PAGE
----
There is therefore no basis to make an overall evaluative assessment of different claims. Where there were two distinct claims, as here, they could and should be considered separately and a mere link between the claims is not sufficient to bring them both within art 24(2). 

    As a result, the English Court had no jurisdiction over the authority claims concerning the validity of decisions of the Turkish plc whether under art 24(2) (or as including the trustees as a necessary and proper party to the company law claim).  That claim would have to be pursued elsewhere.
  1. PJSC Taftnet v Bogolyubov [2019] EWHC 1400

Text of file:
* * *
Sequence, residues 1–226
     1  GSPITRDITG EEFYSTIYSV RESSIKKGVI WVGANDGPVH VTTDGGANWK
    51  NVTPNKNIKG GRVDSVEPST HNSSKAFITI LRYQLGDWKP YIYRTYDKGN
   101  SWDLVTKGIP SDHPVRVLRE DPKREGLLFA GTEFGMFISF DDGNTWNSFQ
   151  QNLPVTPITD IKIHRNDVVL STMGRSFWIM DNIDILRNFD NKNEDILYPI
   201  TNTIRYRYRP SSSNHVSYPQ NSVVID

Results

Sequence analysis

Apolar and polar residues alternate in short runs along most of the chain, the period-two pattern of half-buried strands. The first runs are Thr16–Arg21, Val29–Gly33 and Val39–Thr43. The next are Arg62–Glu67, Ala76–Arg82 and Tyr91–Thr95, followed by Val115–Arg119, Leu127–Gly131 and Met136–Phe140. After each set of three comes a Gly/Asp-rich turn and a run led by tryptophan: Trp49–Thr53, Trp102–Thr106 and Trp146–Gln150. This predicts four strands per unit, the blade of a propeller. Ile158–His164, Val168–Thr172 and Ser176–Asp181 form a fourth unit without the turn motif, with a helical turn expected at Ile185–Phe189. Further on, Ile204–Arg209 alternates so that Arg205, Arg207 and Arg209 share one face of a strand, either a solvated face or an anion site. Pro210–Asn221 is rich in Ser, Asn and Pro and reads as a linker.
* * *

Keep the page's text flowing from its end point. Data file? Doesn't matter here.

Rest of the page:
In this 5 June 2019 judgment, the High Court considered a security for costs application against a Claimant (Taftnet), incorporated in Tartarstan, one of the constituent members of the Russian Federation, with assets in that territory as well as in Switzerland and Cyprus.  The parties agreed that the court had discretion to order security for costs pursuant to Rule 25.13(2)(a) of the Civil Procedure Rules because the Claimant was a Russian company and, thus, resident out of jurisdiction and not resident in a contracting state of the Brussels, Lugano or Hague Conventions or Brussels Regulations.

    The issue in dispute was therefore whether the court should exercise its discretion in awarding security for costs.  The Court of Appeal decision in Nasser v United Bank of Kuwait [2002] 1 WLR 1868 established that such discretion must be exercised in a manner which is not discriminatory for the purposes of Articles 6 and 14 of the European Convention for the Protection of Human Right and Fundamental Freedoms.